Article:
Carnegie Mellon University


A service provided by the University CMS Team

Why Choose the University CMS?

  • It's free.
  • It allows people with little to no experience to build and maintain professional websites.
  • It creates a more coherent web presence across Carnegie Mellon University departments and divisions.
  • All academic and administrative departments are eligible to use the CMS.
  • Research groups, centers and labs are eligible to use the CMS provided they have official recognition by their department and an official name.

As a top-tier technical university, CMU provides many layers of oversight regarding the security and stability of our fully supported, enterprise-wide systems, including the university CMS. Many people in various units monitor, maintain, patch and constantly improve our hosting and platform, 24/7, so that you don't have to. The university CMS is developed with the needs of the campus community in mind, and best of all, it's free. As you consider your many options for building a new website, we encourage you to contact the CMS team for an in-depth discussion of the benefits of utilizing the university system to build your next website.

Security considerations for other CMS systems

There are many ways to build a website, and many places to host it. You may be wondering why you should choose the university's hosted CMS solution, when you may be more familiar with services like Wix, Wordpress, Amazon Web Services and others. An important factor in this decision is security and uptime, and the effort, knowledge and costs involved in maintaining it.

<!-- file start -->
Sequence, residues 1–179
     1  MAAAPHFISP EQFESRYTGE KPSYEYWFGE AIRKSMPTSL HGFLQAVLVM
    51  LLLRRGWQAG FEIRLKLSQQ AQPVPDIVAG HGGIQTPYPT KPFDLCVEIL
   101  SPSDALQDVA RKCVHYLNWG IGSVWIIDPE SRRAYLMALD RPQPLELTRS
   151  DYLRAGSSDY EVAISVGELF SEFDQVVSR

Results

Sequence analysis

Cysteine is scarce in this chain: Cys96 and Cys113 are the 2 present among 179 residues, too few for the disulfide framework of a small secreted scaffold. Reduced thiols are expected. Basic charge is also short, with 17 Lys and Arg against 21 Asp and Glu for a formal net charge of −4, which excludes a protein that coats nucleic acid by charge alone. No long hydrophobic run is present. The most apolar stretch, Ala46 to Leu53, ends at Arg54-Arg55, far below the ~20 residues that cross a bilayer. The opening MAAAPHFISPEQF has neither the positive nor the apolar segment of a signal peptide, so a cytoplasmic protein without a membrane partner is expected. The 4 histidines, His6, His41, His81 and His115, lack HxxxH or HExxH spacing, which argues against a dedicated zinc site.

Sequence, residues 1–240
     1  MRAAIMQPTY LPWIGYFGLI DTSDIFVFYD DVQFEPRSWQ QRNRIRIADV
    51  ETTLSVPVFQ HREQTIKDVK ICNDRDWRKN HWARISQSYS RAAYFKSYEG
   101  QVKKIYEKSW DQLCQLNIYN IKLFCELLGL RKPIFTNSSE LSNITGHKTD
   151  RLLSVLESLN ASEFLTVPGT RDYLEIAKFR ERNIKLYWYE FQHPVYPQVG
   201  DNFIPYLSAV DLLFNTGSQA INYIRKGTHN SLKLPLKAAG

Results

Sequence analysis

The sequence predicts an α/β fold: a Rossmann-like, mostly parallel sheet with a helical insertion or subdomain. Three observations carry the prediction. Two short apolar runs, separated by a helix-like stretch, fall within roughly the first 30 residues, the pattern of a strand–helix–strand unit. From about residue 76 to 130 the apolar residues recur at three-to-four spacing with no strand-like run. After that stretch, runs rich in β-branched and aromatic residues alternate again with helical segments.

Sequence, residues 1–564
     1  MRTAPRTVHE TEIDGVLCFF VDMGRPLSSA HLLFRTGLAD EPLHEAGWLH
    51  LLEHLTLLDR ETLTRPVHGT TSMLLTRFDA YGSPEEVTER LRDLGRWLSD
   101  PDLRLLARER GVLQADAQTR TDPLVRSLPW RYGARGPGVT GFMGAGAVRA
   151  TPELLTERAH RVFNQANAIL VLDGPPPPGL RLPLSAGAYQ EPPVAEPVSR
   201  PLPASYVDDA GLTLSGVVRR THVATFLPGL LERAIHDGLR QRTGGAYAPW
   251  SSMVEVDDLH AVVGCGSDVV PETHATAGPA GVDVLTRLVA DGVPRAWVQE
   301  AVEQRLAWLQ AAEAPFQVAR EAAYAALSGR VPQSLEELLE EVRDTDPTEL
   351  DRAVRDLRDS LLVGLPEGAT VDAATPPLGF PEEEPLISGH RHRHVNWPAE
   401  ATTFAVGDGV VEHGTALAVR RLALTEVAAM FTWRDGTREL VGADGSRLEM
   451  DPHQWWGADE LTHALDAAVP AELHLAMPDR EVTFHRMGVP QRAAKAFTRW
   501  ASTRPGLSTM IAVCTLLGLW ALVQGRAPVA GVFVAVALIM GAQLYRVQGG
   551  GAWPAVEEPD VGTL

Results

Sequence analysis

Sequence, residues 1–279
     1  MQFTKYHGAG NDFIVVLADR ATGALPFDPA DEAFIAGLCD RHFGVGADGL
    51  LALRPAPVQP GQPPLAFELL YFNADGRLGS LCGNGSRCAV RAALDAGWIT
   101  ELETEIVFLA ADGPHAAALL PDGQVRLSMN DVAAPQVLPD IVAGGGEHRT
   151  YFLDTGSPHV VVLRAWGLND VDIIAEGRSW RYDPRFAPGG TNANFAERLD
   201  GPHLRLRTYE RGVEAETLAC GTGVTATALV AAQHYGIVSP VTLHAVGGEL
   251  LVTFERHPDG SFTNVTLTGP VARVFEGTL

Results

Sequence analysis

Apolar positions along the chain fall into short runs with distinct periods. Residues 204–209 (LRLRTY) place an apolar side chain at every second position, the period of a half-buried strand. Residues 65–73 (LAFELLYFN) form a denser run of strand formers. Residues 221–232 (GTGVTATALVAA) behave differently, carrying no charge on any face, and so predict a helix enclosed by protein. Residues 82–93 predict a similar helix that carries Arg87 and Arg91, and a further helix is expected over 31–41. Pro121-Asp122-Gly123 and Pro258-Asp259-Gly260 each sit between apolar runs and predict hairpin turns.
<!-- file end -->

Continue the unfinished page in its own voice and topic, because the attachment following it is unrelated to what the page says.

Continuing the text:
Some CMS vendors provide only the CMS software, and that software requires hosting. Hosting may be external to the university (Amazon Web Services, Bluehost, etc.), or internal (a server you maintain in a campus server room, a computer under your desk or a virtual server on the CMU Campus Cloud service). Whichever service you choose, it’s important to remember that self-hosting requires some level of effort and oversight on your part. For example:

  • Unmanaged Services: Local physical hosting, as well as relatively unmanaged services like Amazon Web Services, provide you with a server (either physical or virtual), but you must perform significant configuration of that server and you are responsible for whether or not the configuration is secure and stable. You should have significant experience with systems administration, and the resources, time and commitment to patch and maintain that server, and perform monitoring and backups on a daily basis.
  • Managed Services: Managed external services like Bluehost, and managed internal services like Campus Cloud, require less configuration but no less responsibility. You will still need to configure the hosting, launch your site and troubleshoot any conflicts between your CMS and the hosting. This can be technically challenging, and the host typically accepts no responsibility for errors that can cause security vulnerabilities and downtime. While unmanaged services allow you to choose if and when to patch your machines, you will need to work with a managed service provider to schedule maintenance and understand its impact.
  • Networking: If you maintain a university website, it should use a URL. Using an outside host can lead to unforeseen challenges when attempting to serve your new site at an official university URL.
  • The 'server under the desk': Serving public university content from a web server that is not in a university machine room represents tremendous risk to CMU and should never be part of your standard operating procedure.

There are many CMS platforms available for free via open source license; some of the more popular include Wordpress, Drupal and Joomla. If you have web development experience, you may be comfortable spinning up new sites in one or more of these platforms, but should consider the implications of doing so on behalf of the university.